As Xtra reported on Nov 26, Canada voted against removing a 10-year-old specific reference to sexual orientation from the United Nations’ proscription on extra-judicial and summary executions. But subsequently, along with 165 other countries, Canada voted in favour of the execution proscription in its entirety. There were 10 abstentions on that vote. If the resolution had not passed, the old version, including the specific reference to sexual orientation, would have remained in force.
Should Canada have abstained too, or even voted against the resolution because it excluded sexual orientation as a prohibited ground for execution?
“Though Canada and other countries were unsuccessful in our advocacy for the continued inclusion of language referencing sexual orientation in the resolution on extrajudicial, summary or arbitrary executions, Canada continues to support the principle of the resolution, which calls for action to ‘prevent, combat and eliminate’ the practice of extrajudicial, summary or arbitrary executions,” a Foreign Affairs spokesperson wrote in an email to Xtra.
“As stated in the resolution, Canada believes the practice of extrajudicial, summary or arbitrary execution is a violation of human rights and impacts negatively on the enjoyment of human rights, particularly the right to life.”
But Canada’s voice was conspicuously absent from the minutes of the debate on the removal of the sexual orientation reference. When asked why, the Foreign Affairs spokesperson dodged the question:
“Prior to the discussion and vote on the amendment, Canada worked with like-minded countries to retain the language on sexual orientation within the resolution. Canada further expressed our opposition to this amendment with our ‘No’ vote against the amendment.”
For the NDP’s foreign affairs critic, Paul Dewar, this simply isn’t good enough.
“Why did Canada remain silent during this debate?” Dewar asks. “If we believe that the language that existed should have remained, and that the amendment wasn’t something that was aligned with our policy – it certainly wasn’t aligned with the law of our land – why is it that we remained on the sidelines and didn’t speak?
“I don’t know what’s more reprehensible – the vote, or the fact that we didn’t say anything.” Dewar says. “Why didn’t we abstain like others who had concerns? Albeit I would have preferred us to vote against it.”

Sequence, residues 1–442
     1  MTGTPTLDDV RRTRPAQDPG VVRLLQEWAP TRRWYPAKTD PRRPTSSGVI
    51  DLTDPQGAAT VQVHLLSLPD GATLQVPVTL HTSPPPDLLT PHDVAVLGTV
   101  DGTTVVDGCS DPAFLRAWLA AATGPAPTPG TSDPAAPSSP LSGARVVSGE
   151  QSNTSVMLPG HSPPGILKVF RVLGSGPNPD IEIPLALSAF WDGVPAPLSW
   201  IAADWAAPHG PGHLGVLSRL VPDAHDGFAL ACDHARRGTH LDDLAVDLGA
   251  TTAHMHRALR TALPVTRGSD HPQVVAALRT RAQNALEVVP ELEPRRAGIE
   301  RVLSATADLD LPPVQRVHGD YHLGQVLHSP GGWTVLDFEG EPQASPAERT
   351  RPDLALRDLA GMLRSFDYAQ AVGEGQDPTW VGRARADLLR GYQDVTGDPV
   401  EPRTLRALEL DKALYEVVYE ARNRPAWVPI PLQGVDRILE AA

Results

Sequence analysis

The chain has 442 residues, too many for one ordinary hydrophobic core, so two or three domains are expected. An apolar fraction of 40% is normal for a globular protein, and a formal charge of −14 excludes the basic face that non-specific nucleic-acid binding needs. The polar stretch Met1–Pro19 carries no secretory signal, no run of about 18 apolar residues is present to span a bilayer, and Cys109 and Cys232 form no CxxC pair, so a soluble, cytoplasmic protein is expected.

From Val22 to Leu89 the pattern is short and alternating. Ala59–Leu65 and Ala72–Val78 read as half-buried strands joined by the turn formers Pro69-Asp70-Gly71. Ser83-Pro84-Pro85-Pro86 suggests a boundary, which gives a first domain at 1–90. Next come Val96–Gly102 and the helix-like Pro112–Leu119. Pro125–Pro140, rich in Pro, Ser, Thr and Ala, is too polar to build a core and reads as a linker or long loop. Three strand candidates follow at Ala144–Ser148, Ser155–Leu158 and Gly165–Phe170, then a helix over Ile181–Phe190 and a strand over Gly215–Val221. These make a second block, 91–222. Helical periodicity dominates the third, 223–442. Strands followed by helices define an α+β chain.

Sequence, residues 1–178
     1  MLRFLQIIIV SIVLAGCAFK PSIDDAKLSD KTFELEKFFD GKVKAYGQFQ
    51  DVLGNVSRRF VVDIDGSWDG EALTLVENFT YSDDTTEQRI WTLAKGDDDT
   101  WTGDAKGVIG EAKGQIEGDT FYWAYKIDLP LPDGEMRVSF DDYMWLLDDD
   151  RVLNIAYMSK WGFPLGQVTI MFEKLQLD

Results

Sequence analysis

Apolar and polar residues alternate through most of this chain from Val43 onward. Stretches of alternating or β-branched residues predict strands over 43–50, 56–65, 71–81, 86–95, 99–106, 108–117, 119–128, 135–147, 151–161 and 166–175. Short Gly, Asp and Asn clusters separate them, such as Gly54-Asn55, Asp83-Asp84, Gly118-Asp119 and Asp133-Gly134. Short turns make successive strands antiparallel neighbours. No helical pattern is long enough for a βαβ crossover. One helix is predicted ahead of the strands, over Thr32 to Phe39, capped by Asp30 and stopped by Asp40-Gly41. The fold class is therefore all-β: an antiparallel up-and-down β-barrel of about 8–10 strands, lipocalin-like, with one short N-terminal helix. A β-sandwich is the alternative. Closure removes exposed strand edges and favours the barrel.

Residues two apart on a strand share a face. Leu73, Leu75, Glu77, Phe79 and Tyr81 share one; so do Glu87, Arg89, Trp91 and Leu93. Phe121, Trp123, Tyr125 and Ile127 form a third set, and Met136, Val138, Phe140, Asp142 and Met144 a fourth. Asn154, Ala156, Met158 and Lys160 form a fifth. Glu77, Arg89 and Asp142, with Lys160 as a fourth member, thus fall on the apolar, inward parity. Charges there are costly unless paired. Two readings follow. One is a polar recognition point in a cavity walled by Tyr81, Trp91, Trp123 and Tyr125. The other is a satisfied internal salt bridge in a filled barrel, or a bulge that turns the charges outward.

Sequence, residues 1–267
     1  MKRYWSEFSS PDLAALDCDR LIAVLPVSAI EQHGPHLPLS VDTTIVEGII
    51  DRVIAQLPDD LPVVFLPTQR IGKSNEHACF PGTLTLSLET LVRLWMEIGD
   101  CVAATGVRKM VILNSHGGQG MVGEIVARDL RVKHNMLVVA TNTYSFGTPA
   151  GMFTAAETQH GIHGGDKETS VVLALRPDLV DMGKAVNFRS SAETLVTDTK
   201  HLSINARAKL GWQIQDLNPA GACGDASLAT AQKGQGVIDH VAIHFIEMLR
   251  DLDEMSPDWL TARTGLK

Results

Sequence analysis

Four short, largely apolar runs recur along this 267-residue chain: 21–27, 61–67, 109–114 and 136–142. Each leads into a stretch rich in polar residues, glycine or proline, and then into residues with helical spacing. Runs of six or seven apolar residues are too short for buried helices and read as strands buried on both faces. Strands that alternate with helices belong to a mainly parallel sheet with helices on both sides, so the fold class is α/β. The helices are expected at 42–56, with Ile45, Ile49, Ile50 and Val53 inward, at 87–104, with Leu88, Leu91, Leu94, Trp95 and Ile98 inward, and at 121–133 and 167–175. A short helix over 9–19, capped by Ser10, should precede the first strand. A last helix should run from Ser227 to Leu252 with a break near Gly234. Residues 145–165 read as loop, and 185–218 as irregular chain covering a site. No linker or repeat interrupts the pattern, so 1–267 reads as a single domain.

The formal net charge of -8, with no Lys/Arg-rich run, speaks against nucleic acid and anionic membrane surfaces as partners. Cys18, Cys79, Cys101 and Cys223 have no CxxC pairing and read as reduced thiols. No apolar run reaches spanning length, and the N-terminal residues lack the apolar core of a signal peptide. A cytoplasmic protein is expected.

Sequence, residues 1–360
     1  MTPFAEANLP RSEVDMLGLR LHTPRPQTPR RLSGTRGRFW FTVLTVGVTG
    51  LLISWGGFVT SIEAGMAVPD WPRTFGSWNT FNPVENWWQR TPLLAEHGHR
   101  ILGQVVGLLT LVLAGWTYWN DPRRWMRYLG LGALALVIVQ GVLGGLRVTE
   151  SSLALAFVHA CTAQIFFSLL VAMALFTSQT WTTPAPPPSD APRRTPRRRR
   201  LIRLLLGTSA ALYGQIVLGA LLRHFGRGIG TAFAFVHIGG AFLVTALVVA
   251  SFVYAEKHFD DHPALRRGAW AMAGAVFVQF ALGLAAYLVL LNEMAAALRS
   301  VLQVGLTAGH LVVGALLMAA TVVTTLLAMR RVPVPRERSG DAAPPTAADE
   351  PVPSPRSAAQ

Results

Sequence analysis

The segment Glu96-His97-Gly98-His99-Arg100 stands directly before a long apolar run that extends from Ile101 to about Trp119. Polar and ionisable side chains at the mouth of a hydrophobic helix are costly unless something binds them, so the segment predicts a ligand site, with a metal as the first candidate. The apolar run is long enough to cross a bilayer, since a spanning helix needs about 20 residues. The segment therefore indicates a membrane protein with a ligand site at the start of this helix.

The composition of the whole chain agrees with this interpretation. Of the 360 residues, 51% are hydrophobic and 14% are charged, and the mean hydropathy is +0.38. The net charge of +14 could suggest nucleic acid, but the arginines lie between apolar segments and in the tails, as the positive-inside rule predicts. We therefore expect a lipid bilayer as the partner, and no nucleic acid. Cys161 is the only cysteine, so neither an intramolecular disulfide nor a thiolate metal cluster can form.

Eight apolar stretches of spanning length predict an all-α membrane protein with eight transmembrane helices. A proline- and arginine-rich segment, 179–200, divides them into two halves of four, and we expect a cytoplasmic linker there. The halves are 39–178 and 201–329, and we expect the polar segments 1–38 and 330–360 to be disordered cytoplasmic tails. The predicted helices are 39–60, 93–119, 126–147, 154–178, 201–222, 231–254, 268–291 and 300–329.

The Foreign Affairs spokesperson writes that in voting for the final resolution, Canada expressed support for the resolution as a whole.
“By voting for the resolution, Canada recognized this importance and helped ensure that the issue will be considered again at a future session of the UN, as called for in the final paragraph of the resolution.”
Dewar says the rule of law as well as international conventions like the Hague conventions already condemn arbitrary and extrajudicial killings.
“The point is to be explicit about what you believe, and it matters what’s in the content of resolutions,” Dewar says. “Now, if there was some process to say that within six months at the maximum, we would review this to address this amendment, then maybe you could see a case for voting with – maybe. But in this case, it’s regressive. There’s no other way to look at it. When you start backpedalling on rights provisions, I don’t see how you can see that as progressive. It’s just retrograde.”
Liberal foreign affairs critic Bob Rae has a more tempered position on the vote on the final wording. While hinting that the United States and Israel likely had other reasons to abstain from voting on the final wording other than the removal of sexual orientation, he nevertheless feels that Canada made the right decision.
“Canada’s unequivocal vote is the better approach,” says Rae. “I’m not happy at all about the exclusion of sexual orientation from the resolution, and I wish Canada had been more vocal about it, but to abstain on the vote would not be consistent with Canada’s commitment to human rights and the rule of law.”